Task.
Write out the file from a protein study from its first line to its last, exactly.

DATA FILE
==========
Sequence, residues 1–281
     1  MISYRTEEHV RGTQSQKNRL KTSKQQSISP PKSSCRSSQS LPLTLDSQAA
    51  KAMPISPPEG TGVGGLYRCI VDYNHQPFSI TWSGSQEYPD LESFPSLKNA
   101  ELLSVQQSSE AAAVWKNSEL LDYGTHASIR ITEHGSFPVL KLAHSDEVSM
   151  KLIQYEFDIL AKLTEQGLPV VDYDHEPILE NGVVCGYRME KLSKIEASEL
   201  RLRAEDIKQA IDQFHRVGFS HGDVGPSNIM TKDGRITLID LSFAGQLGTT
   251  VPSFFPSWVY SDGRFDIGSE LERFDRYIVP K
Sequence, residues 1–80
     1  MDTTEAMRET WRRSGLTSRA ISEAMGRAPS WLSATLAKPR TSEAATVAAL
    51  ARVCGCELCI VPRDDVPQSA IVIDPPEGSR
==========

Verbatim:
Sequence, residues 1–281
     1  MISYRTEEHV RGTQSQKNRL KTSKQQSISP PKSSCRSSQS LPLTLDSQAA
    51  KAMPISPPEG TGVGGLYRCI VDYNHQPFSI TWSGSQEYPD LESFPSLKNA
   101  ELLSVQQSSE AAAVWKNSEL LDYGTHASIR ITEHGSFPVL KLAHSDEVSM
   151  KLIQYEFDIL AKLTEQGLPV VDYDHEPILE NGVVCGYRME KLSKIEASEL
   201  RLRAEDIKQA IDQFHRVGFS HGDVGPSNIM TKDGRITLID LSFAGQLGTT
   251  VPSFFPSWVY SDGRFDIGSE LERFDRYIVP K
Sequence, residues 1–80
     1  MDTTEAMRET WRRSGLTSRA ISEAMGRAPS WLSATLAKPR TSEAATVAAL
    51  ARVCGCELCI VPRDDVPQSA IVIDPPEGSR